While views of the role of government have remained largely consistent, the shares of the public saying the federal government should play a major role in helping people get out of poverty and effectively handling threats to public health have declined since 2020.

In 2020, a 62% majority said the government should play a major role in helping people get out of poverty; today, about half of Americans (52%) say this. On handling public health threats, a somewhat smaller share of adults today (73%) say that the government should play a major role in effectively handling threats to public health than said this two years ago (78%).

Chart shows since 2020, sharp declines in shares of Republicans saying government should have ‘major role’ in alleviating poverty, addressing public health

For both of these issue areas, these declines are particularly pronounced among Republicans.

In 2020, half of Republicans said the government should play a major role in helping people get out of poverty. Today, only 31% say this.

Two years ago, about two-thirds of Republicans (68%) said the government should play a major role in handling threats to public health; a smaller majority (57%) say this today.

There were no substantive declines among Democrats on the role of government for these two issue areas.

In their own words: What Americans think of federal and state government performance

When asked to name some areas where the federal government is doing a good job, roughly four-in-ten Americans (41%) offer an answer.

Chart shows about half of U.S. adults name at least one issue the federal government is handling poorly

About three-in-ten (29%) name a specific issue or issue areas where the government is doing a good job, covering a wide range of government policies and programs.

One-in-ten specifically cite national security or foreign policy, with topics ranging from defending the country from terrorism, to international trade, to the response to Russia’s invasion of Ukraine. One man in his 20s says the government does a good job “working together when a major emergency occurs, such as sending aid to Ukraine.”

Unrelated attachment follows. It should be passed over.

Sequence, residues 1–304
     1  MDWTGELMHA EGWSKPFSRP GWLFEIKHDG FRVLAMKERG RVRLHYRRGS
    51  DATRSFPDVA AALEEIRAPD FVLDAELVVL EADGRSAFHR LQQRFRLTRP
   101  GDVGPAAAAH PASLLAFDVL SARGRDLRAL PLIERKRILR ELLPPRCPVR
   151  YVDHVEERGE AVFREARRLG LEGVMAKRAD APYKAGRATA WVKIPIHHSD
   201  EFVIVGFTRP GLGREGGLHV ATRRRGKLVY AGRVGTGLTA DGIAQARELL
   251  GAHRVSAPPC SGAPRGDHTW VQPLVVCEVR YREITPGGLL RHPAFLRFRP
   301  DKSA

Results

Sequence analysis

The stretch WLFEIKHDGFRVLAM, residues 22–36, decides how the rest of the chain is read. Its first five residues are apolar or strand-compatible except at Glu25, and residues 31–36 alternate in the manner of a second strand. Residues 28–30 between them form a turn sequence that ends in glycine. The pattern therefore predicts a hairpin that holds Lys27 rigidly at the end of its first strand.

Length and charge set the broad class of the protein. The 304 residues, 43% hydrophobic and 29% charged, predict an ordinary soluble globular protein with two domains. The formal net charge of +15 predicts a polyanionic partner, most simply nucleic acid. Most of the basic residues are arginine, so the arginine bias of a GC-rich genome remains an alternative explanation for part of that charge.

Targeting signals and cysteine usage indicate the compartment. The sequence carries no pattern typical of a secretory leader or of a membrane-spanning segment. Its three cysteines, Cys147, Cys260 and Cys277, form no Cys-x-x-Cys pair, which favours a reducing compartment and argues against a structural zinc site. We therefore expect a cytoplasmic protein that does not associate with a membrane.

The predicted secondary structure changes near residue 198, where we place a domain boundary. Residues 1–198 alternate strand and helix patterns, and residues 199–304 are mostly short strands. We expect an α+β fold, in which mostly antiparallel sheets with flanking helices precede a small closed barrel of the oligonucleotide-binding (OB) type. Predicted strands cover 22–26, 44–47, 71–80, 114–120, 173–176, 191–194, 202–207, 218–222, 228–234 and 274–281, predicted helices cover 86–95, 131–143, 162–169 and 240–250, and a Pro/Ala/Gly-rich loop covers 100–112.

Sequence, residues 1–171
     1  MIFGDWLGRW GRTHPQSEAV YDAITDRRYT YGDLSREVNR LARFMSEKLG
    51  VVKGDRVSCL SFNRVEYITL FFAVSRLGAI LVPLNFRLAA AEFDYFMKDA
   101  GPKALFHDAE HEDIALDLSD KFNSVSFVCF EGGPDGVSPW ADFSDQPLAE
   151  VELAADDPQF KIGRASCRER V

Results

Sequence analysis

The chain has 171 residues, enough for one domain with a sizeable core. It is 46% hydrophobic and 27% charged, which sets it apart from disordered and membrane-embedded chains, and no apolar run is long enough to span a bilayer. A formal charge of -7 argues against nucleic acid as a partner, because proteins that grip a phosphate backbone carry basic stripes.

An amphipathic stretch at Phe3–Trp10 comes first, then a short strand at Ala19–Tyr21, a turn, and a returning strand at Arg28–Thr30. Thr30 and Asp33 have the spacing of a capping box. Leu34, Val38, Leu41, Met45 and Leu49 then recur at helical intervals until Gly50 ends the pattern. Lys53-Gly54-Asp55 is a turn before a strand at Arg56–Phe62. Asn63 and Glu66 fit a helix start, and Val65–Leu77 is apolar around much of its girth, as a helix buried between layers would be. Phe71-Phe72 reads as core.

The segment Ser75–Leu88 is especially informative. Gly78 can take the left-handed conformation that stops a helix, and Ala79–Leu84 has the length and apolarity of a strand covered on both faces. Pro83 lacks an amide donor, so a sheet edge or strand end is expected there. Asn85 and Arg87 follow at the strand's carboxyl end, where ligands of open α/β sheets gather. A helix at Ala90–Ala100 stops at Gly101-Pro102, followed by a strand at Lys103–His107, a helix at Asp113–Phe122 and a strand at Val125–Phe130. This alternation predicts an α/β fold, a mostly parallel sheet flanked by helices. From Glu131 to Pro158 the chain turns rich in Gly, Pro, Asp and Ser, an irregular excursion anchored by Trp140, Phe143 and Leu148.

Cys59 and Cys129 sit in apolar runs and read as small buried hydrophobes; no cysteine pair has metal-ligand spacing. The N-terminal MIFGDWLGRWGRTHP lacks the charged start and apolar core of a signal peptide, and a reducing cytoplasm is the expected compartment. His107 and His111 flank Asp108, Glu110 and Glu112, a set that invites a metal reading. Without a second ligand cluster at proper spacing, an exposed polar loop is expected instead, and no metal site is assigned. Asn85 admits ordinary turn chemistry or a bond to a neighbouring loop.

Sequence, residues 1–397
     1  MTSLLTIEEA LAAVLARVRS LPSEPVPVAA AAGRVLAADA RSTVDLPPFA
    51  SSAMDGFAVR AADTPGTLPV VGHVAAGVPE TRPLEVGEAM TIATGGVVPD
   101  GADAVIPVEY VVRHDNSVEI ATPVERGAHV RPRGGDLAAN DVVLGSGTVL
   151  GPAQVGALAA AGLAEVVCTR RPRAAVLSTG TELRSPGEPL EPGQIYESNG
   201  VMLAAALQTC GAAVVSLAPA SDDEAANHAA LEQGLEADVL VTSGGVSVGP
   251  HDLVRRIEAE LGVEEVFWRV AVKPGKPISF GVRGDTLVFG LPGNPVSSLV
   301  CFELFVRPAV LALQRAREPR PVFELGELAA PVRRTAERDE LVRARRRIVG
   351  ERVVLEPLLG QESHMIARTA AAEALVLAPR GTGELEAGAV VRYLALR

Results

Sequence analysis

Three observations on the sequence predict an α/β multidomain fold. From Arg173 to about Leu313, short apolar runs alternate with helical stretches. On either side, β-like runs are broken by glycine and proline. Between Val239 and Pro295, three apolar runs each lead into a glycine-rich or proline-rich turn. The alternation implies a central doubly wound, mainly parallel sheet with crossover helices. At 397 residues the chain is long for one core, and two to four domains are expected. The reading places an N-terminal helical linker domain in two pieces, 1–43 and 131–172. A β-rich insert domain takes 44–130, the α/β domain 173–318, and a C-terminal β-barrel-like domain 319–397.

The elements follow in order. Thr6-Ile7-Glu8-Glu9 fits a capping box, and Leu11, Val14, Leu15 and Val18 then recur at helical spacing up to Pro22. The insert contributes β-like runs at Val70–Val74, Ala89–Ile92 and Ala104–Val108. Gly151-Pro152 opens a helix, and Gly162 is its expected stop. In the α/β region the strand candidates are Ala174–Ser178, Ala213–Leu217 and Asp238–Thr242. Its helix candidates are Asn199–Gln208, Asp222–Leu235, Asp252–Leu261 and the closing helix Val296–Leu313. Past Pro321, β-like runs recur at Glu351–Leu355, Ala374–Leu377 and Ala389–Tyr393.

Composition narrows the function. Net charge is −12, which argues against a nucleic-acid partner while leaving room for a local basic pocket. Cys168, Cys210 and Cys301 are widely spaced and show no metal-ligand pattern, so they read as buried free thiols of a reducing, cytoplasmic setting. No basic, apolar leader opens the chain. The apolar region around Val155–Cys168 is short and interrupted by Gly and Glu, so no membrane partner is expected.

A smaller share (5%) refers to a variety of social welfare programs, including Social Security and the stimulus checks many Americans received in response to the coronavirus pandemic. An additional 3% of adults discuss the federal government’s performance on issues related to health care or its administration of programs such as Medicare and Medicaid.

One-in-ten adults discuss specific branches, departments or agencies within the government that they say are performing well. This includes 5% who point to the military and agencies tasked with national security, and a similar share who name other specific departments and agencies, ranging from the Centers for Disease Control and Prevention (CDC) to the National Parks Service to the U.S. Census Bureau.

A small but notable share of adults (5%) answer this question by saying that the government does a “good” job at failing to serve the people. For example, a woman in her 40s says that she “can’t think of anything they are good at, besides wasting taxpayers’ money and time.”

Chart shows many of those who give examples of what the federal government does well point to national security

About six-in-ten adults (63%) provide an answer when asked to name some areas where the federal government is doing a bad job, including 49% who name a specific issue or issue area.